1 October 2010~ In an act of deliberate oppression, Drydens Lawyers applied to Nottingham County Court for a warrant for the committal of C to prison for contempt of court.
21 and 27 October 2010 ~ A two day hearing at Nottingham County Court of Drydens’ application for Committal of C to prison was convened. On the morning of 27 October 2010, there was another unlawful attempt to steal the house made by bailiffs from the Court.
27 October 2010 ~ HHJ Inglis, for and on behalf of the Court, was made aware of the Lifetime Tenancy Agreement between C and his tenant which was entered into the Court File, thereby informing all parties of the arrangement. Judge Inglis issued an order which stated that the tenant and Second Defendant, Lifetime Tenant, must be served Notice of ANY action the Claimant may take. As prescribed by the Mortgage Repossessions (Protection of Tenants etc) Act 2010, the statutory period is 14 days.
4 November 2010 ~ The house was unlawfully and violently possessed by agents of the Claimant. In breach of due process and the peace, no notice was served on the owner. The use of 21 police officers, numerous bailiffs and other assorted agents illustrate how the house was taken by way of violence and deception, with excessive force and coercion. Mr David Caress, Bailiff, failed to serve the warrant on the Defendants, Rogue Male and Lifetime Tenant, who were falsely arrested in their own home, kidnapped and imprisoned for 6 hours at Bridewell Police Station, Nottingham, before being released without charge. The actual eviction was marked by the use of excessive force, the endangering of C’s life and was unlawfully aided by the accompanying police officers, whom the Defendants have reason to believe were hired by the B&B to enforce the VOID order.
26 November 2010 ~ there was a hearing at Nottingham County Court for a claim of unlawful eviction, pursuant to the Mortgage Repossessions (Protection of Tenants etc) Act 2010, of an Application for an Order of Restitution by the Second Defendant, Lifetime Tenant. HHJ Inglis erred in law and dismissed the claim.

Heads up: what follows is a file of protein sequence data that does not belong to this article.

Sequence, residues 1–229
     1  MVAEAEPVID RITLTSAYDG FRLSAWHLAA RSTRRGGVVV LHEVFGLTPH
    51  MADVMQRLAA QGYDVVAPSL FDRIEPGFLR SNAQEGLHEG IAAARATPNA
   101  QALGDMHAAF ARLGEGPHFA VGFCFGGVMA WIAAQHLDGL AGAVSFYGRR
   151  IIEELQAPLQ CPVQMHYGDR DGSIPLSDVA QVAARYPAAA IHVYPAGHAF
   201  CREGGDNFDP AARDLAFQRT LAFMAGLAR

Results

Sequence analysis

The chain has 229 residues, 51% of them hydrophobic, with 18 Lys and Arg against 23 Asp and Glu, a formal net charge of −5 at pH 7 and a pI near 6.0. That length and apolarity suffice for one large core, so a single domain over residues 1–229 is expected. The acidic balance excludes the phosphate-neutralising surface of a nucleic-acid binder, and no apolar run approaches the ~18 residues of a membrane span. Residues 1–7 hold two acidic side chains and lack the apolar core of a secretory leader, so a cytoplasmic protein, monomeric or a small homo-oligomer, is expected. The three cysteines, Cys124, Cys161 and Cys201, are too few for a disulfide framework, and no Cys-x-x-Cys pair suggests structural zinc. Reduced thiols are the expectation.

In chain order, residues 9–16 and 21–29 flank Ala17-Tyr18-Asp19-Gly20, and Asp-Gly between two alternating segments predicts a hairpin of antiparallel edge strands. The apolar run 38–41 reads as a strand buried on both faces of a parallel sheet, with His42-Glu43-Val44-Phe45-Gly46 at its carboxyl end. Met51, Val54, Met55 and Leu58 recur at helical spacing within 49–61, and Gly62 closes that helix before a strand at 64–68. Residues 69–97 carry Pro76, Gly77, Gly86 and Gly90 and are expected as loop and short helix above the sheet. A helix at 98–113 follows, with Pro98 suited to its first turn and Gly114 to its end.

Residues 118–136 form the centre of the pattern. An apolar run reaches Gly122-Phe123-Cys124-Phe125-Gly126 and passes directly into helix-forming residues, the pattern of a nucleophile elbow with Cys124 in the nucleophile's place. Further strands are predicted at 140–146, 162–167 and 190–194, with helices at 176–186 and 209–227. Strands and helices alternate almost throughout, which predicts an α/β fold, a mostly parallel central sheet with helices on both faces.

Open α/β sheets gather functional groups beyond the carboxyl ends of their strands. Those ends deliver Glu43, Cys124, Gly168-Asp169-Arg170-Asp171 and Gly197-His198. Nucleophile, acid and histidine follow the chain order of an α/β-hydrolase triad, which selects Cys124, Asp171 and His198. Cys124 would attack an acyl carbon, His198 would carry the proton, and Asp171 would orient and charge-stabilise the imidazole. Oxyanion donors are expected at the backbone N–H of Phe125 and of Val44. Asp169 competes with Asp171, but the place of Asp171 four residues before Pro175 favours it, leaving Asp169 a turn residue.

2 January ~ July 2011 ~ ‘BUYER BEWARE’ NOTICES were displayed on the boarded up property, explaining that to the very best knowledge of C, the house was stolen by B&B and that anyone interested in buying it should contact him using the phone number provided.
11 May 2011 ~ In the case of Helden v Strathmore, LJ Neuberger confirmed the statutory requirement for a 2(3) compliant “…contract for a mortgage in the future…”
19 May 2011 ~ A letter from Drydens Lawyers of Bradford, for and on behalf of the Bank, stated in response to a notice of intended action based on the Bank’s failure to comply with s2(3) LPMP Act, “The mortgage contract between you and our client was created by deed” ~ thereby confirming that there had never been a contract for a mortgage that satisfied the Lawful and equitable requirements of such.
June-July 2011 ~ The property was fraudulently sold to Mr Luce Bowells, who admitted to C and a witness that he had read the ‘BUYER BEWARE’ public notice and was cognisant of C’s claim that the house had been stolen by the Bank. Nevertheless, he decided to proceed with the void purchase.
The house was sold for c. £62k, some £40k below its actual value. This, it is averred, was an act of unjust enrichment by the B&B as, at the outset of the dispute in 2009, the remaining balance on the VOID mortgage stood at just £30k and said bank had received £64, 747 in illegal mortgage payments prior to January 2009.
23 December 2011 ~ The CEO of the Bradford and Bingley PLC, Richard Banks, was served legal Notice of FOS Complaint & Proposal of Alternative Dispute Resolution. There was no response.
20 March 2012 ~ Mr Luce Bowells was served ‘Further Notice of Intended Action’ in which he was offered the opportunity to become party to the Claim vs the B&B on the basis that he too had been injured by B&B’s misrepresentations.
31 March 2012 ~ there was no response from Mr Howells.
3 April 2012 ~ Ex Debito Justitiae Application to have VOID order of 26 August 2009 set aside made to HHJ Inglis at Nottingham County Court.
13 April 2012 ~ A Representative Complaint was filed by email to the FOS, along with the FSA, the OFT and the Parliamentary & Health Ombudsman, for the purposes of notifying each party to the paper on Emerging Risks & Mass Complaints, of the looming issue of millions of mortgages being void, there being no obvious guidance available on filing representative complaints.
18 April 2012. An email sent by C to the PHSO stated, “In addition, the nature of the complaint required that the PHSO give definitive statutory interpretations in order to help settle a mass dispute that in the case of the Mortgagors of UKAR involves some 722,000 British consumers of mortgage products, so it is both appropriate and expedient that the PHSO should receive these documents at the earliest juncture.”
16 April 2012 ~ Following the failure of the Court to respond to the application to have HHJ Inglis’ void order struck out, the application was re-presented to the Court manager at Nottingham County Court.